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Beth Comstock on Leading with Imagination in Uncertain Times

Mastering change in the face of uncertainty can be startling. However, a strategic and future-facing approach, and the ability to embrace smart risks can make the transition seamless. Beth Comstock, former Chief Marketing Officer and Vice-Chair of Innovation at GE joined our CEO, Erich Joachimsthaler, to discuss how to grapple with the challenges to change we face every day, seeking out emerging trends and the importance of creating an effective ecosystem. Beth shared advice on finding the courage to defy convention and building the resilience to overcome failure. 

Here are some key principles from Beth Comstock: 

  1. There is great power in learning to adapt to the change. Getting accustomed to and making progress during periods of change requires a mindset shift that must happen on both a personal and cultural level. There is a common notion among bigger organizations in assuming they have the answers and the readiness that will allow them to bend change to their will. This is false and can hamper growth.

    “Covid-19 has been a great teacher. It has helped us realize that we are not in control and we never really were, which has cultivated a thinking that allows greater willingness to try new things.” – Beth Comstock

  2.  Best leaders in times of change are ambidextrous leaders. Beth says the secret to unlocking success during times of crisis is to have your company operate at two speeds. She draws a distinction between them as the ‘now lane’ and the ‘what’s next’ lane, also known as the ‘imagination lane.’ While the ‘now lane’ focuses on the current climate and trends, which is more predictable for bigger public companies, the ‘what’s next lane’ guides the future.  

“It takes courage in supporting something for which you’re not exactly sure what the profitability model is, but you know there’s a hunger and you want to take it to the next level – Beth Comstock

A good leader understands that they must operate both ways. They must allocate the time, people, and money while also evaluating what they learned, what they need to do more of, and how to put a halt on things that aren’t serving the company anymore.  

3Innovative companies help customers get to what’s next. Beth cites Nike as an example of an innovative and prescient company. Nike is constantly focused on listening to their customer and being passionate about delivering for them. They accomplish this by staying ahead of their customer, instead of waiting for them to tell them what they need. In most cases, customers often expect brands to know their needs before they do. Beth also attributes an ecosystem approach and strong integration of physical and digital to stay attuned to customer needs. 

“To really be a platform company, it is recognizing that interconnectedness and knowing how to navigate it and digital forces you to do that. If a company was slow in digital, they’re not going to come out of Covid-19 and succeed being slow. Digital is just the way you have to operate.” – Beth Comstock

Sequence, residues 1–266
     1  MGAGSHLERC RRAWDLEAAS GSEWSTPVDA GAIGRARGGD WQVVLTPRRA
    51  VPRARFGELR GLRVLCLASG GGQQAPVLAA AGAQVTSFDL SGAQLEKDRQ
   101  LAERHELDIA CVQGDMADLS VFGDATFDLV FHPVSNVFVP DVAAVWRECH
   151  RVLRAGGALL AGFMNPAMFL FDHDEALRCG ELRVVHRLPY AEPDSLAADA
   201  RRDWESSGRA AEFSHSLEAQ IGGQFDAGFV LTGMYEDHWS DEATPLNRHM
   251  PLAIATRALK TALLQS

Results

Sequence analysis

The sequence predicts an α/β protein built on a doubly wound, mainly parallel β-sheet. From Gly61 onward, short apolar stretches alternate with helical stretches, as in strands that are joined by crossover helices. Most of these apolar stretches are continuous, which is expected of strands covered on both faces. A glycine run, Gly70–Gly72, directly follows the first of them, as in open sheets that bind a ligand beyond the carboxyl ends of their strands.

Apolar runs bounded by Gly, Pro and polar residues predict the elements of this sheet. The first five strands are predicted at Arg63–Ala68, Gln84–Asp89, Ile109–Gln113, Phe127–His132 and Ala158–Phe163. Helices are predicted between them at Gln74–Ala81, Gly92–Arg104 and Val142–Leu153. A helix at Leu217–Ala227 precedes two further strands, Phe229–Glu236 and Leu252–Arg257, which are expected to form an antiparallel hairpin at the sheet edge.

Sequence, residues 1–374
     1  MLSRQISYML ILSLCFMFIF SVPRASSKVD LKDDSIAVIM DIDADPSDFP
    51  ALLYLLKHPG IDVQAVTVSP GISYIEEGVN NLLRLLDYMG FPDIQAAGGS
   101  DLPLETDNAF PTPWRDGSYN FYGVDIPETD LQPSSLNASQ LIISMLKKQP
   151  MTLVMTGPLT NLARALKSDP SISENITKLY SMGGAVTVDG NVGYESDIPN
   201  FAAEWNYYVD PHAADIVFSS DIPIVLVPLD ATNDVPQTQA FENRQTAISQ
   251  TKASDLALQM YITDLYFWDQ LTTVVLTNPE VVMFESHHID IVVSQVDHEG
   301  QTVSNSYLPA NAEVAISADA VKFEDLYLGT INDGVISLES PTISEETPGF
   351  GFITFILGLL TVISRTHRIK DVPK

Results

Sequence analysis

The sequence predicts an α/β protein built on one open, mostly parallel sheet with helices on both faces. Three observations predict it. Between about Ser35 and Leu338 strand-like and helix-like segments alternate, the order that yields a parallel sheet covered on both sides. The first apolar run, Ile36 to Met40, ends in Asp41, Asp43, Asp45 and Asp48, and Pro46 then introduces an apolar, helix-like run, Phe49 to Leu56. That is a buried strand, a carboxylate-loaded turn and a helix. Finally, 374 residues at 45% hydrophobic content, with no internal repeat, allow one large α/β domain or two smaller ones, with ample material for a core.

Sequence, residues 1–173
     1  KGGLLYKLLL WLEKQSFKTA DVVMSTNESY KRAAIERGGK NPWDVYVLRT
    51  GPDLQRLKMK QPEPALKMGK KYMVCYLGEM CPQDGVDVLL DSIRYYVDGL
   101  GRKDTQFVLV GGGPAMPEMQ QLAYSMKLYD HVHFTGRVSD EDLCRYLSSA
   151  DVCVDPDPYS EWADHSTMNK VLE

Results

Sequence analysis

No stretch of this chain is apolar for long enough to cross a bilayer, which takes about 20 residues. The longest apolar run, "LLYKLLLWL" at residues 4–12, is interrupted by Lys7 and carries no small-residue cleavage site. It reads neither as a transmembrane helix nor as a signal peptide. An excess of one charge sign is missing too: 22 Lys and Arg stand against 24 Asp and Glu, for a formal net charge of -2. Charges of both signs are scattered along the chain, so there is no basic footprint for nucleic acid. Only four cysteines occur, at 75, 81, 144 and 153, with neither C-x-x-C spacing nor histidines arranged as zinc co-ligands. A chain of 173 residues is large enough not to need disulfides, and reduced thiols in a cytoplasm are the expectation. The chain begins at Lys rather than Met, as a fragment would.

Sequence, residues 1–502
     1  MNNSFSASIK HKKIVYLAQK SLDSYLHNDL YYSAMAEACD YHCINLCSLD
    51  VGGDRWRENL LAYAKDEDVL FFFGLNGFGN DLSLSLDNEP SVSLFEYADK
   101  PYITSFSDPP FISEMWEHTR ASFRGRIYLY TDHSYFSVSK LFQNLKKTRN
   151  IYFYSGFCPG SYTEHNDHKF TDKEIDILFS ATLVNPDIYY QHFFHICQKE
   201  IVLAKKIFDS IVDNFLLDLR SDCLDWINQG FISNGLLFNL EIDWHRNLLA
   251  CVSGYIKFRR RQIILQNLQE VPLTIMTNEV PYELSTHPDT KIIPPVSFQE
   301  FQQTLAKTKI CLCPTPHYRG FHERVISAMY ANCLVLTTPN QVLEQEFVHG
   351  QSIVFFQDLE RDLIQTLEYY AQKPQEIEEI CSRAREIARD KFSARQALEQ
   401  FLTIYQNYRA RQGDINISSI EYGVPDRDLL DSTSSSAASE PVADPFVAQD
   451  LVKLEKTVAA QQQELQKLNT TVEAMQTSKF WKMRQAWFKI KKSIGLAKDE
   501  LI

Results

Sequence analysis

Here are the three simple steps to become a better marketer and innovator: 

  • In order to make a breakthrough innovation that you live to see tomorrow, you must be curious and open your apertureThe notion of discovery and making that a part of your practice is critical not only for your team but also for yourself.
  • Mastering the art of storytelling is imperative in order to translate your vision to your team. Storytelling and strategy go hand in hand and your team should be able to discern that there is room for them in the company’s vision to be a part of it. Having a strong future vision entails being able to communicate to your team and audience both ‘the why,’ and ‘the why us.’
  • To be a good marketer, one must live in the market. Beth recommends getting into the practice of maintaining a notebook or making notes on your phone to collate interesting ideas when out and about. This allows you to adopt the mindset of a marketer and develop a knack for pattern recognition.

Conclusion 

Change is inevitable. It can be difficult to predict and always be prepared, but the willingness and swiftness to adapt to the change are crucial. In order to pave a successful future path, companies must look ahead of the moment and their current processes to optimize productivity. These often result in a gap of imagination and failure to envision what could disrupt them. It is necessary to outgrow mind blocks and see beyond the now to ultimately imagine a way forward.   

Watch the full event here:

06:58: How to adapt to change

08:31: How to overcome the gap in imagination

11:17: Importance of curiosity and discovery

15:15: What we can learn from Walmart and Nike

20:42: Role of a good leader

23:23: What makes a good marketer

29:38: What is in Beth’s notebook

36:20: Brand’s role in positioning and scaling subcategories

40:43: The tension between branding and innovation

This segment was part of The Interaction Field Series of our LinkedIn Live Events. Please connect with us on our LinkedIn page to stay updated with our upcoming conversations.

Meet The Expert

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Erich Joachimsthaler, Ph.D.

CEO & Founder

Erich is a rare combination of consultant, entrepreneur, academic, researcher, author and positive contrarian. Over the last twenty years, Erich has led Vivaldi in helping companies build strong brands, find innovation and new growth opportunities and realize them in today’s digital age.